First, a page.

ERIC Number: ED403309
Record Type: Non-Journal
Publication Date: 1992-Apr
Latent Traits or Latent States? The Role of Discrete Models for Ability and Performance.
Haertel, Edward H.
Classical test theory, item response theory, and generalizability theory all treat the abilities to be measured as continuous variables, and the items of a test as independent probes of underlying continua. These models are well-suited to measuring the broad, diffuse traits of traditional differential psychology, but not for measuring the outcomes of school learning. Discrete latent structure models offer a powerful and promising alternative. Abilities can be modeled as partially ordered sets of discrete states (at a minimum, "nonmastery" and "mastery") and may be linked according to an asymmetric "prerequisite" relation. Narrower, simpler abilities may be combined into broader, more complex abilities. The various possible outcomes of performing a task can be modeled as a partially ordered set of task performance states. Abilities and task performances are clearly distinguished from one another, and more than one ability pattern may permit successful performance of a given task. Subtasks need not be modeled as conditionally independent given ability. The mapping from ability states to task performance states shows clearly what a given test can and cannot measure, and what may be inferred from a given pattern of test performance. These models for ability and task performance, together with the mapping between them, may be augmented with a suitable model for measurement error (misclassification) to complete an alternative framework for scoring, analyzing, and interpreting test performance. This framework has the potential to solve significant measurement problems inherent in performance testing and other applications. (Contains 12 figures.) (Author/SLD)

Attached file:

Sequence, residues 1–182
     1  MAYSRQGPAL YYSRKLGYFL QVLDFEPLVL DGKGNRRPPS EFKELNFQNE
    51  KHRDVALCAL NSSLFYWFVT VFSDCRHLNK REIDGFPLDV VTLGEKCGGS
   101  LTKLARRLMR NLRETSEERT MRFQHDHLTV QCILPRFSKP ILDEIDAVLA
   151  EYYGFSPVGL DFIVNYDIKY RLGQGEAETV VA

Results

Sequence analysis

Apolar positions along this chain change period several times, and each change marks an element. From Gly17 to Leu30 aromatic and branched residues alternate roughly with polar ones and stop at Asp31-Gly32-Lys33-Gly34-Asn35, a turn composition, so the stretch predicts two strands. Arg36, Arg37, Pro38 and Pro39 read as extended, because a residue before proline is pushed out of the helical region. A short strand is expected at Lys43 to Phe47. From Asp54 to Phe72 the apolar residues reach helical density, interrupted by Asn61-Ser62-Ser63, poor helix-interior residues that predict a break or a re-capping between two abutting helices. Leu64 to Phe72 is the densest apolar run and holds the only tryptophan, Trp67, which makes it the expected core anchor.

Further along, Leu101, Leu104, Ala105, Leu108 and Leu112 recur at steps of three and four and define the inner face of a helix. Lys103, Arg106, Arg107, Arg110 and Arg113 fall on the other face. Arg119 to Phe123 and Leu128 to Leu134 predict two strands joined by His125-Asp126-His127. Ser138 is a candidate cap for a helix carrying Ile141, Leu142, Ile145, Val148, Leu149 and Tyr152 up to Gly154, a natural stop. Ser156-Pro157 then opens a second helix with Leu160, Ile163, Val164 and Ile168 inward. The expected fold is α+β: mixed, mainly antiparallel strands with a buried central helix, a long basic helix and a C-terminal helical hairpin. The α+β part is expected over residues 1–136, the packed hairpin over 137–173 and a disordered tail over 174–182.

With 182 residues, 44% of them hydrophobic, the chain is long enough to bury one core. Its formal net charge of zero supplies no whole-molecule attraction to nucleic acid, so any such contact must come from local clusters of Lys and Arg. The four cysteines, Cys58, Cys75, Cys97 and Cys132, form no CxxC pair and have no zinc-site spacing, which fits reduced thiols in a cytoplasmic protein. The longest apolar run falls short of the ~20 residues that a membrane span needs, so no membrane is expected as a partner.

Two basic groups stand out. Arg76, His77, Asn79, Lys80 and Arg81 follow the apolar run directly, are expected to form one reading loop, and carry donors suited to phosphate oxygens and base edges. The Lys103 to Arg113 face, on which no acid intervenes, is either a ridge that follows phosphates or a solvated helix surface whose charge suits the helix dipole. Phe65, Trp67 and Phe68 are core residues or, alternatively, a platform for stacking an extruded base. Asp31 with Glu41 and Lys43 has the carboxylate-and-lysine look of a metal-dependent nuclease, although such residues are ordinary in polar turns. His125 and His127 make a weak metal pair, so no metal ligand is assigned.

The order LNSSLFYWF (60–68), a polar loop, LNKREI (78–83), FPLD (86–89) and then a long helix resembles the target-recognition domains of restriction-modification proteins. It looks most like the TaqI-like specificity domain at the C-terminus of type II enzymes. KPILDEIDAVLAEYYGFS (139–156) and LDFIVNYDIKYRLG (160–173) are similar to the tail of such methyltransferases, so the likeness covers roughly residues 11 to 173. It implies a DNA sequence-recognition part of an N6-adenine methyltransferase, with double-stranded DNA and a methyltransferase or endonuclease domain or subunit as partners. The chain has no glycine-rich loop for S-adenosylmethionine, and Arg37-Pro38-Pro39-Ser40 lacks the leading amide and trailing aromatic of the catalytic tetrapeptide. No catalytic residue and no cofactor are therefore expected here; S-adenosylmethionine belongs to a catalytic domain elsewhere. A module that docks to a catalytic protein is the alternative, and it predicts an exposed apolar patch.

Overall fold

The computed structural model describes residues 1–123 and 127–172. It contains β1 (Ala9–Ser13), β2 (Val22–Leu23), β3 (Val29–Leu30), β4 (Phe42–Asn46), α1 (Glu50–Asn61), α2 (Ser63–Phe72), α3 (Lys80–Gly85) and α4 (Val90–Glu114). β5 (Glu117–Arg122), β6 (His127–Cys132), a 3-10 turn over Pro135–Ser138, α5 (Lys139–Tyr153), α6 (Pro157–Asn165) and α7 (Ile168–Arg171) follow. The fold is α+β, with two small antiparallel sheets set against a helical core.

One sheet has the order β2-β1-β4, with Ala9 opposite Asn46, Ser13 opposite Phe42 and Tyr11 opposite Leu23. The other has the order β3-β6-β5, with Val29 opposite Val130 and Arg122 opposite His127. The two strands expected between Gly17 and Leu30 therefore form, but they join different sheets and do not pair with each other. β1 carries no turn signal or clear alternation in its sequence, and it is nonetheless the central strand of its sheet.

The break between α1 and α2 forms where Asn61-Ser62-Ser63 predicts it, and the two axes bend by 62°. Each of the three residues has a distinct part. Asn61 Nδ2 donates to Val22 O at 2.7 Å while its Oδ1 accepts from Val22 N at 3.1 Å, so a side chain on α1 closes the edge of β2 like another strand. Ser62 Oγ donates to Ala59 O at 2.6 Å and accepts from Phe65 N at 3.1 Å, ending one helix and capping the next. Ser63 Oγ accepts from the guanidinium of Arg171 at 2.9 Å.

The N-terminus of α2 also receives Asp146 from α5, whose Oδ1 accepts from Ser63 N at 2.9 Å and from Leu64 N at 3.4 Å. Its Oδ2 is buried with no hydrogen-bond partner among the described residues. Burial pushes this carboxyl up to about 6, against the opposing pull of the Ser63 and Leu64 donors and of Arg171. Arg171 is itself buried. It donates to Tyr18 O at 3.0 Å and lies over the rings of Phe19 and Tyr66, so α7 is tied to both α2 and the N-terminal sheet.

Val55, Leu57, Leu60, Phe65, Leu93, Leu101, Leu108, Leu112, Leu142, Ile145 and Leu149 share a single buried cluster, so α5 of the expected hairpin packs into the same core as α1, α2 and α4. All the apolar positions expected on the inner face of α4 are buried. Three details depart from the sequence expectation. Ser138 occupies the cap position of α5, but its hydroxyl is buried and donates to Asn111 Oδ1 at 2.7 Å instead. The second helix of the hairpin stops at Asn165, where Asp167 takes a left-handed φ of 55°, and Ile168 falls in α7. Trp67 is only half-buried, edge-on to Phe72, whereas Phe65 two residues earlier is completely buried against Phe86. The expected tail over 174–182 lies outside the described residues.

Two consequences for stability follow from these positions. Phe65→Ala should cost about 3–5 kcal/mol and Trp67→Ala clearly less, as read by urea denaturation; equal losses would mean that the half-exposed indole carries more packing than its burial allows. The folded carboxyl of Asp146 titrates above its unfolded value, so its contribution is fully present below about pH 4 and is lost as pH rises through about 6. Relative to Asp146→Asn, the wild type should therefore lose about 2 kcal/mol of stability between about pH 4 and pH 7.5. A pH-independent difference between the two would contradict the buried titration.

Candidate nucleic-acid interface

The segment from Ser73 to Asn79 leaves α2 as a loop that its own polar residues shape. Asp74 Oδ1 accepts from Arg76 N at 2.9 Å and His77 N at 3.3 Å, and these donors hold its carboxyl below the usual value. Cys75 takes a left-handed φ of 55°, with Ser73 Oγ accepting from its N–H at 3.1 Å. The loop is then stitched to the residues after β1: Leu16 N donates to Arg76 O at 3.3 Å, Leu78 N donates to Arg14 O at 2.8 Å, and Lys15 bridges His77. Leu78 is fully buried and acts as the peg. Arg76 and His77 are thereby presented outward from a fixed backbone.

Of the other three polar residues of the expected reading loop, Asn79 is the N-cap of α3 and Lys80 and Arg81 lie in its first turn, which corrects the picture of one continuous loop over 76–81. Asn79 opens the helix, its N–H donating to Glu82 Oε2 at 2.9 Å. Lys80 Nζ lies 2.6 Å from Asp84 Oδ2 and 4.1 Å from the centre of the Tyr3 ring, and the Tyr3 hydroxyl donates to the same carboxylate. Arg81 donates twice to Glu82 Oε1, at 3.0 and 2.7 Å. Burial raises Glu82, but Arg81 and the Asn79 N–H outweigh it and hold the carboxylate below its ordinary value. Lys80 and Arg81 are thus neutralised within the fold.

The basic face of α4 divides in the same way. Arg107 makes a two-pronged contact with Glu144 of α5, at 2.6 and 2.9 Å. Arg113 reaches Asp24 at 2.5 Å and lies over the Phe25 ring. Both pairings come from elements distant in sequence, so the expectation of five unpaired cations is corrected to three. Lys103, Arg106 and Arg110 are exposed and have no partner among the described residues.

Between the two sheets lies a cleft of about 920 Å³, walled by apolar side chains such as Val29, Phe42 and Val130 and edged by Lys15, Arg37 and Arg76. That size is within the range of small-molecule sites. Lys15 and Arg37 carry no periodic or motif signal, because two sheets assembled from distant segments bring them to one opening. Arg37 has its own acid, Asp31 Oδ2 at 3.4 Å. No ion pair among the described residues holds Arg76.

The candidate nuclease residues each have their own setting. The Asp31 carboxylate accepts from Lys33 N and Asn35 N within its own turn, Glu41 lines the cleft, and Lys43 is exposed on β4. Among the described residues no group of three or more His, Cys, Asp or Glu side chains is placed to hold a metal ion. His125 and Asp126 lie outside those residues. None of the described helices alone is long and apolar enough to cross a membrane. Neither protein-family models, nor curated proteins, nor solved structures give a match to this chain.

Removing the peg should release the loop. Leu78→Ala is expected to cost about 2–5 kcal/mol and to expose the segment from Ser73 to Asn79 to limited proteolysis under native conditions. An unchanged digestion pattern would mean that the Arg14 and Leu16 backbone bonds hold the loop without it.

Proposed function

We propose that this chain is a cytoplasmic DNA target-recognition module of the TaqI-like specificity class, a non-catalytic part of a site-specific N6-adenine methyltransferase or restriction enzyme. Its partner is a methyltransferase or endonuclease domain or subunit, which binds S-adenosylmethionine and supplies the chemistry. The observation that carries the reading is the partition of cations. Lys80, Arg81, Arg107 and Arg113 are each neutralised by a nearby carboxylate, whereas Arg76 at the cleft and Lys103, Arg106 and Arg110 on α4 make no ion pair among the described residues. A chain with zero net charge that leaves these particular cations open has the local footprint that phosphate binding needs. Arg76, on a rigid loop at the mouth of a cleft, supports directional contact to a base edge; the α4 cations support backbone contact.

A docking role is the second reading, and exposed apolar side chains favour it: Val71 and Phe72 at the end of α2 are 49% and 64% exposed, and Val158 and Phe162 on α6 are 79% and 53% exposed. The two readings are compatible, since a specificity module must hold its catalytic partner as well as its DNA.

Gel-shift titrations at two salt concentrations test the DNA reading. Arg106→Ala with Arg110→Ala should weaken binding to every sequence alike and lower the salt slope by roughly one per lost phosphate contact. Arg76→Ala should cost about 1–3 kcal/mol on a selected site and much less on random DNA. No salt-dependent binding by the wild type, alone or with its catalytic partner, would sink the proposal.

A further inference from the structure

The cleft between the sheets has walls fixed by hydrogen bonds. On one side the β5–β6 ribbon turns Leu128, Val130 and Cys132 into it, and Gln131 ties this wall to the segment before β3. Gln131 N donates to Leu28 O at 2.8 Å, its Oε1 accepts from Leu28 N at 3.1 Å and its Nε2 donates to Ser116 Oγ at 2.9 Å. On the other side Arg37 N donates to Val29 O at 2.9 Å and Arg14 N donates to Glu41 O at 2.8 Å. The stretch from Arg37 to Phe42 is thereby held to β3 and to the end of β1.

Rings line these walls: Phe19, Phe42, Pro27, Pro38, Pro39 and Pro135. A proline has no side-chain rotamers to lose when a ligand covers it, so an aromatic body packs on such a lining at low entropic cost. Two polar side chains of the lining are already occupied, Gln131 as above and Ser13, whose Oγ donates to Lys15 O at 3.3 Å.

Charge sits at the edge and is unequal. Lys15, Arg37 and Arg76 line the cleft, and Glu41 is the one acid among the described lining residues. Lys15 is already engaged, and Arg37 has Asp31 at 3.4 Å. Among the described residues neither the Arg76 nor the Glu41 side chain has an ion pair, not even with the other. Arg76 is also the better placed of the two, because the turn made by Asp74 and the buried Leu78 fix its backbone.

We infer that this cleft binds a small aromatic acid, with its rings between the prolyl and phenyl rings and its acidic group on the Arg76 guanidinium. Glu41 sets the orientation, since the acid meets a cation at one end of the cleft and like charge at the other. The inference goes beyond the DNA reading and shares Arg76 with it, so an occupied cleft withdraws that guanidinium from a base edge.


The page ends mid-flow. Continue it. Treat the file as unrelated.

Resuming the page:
Publication Type: Opinion Papers; Speeches/Meeting Papers
Education Level: N/A
Authoring Institution: N/A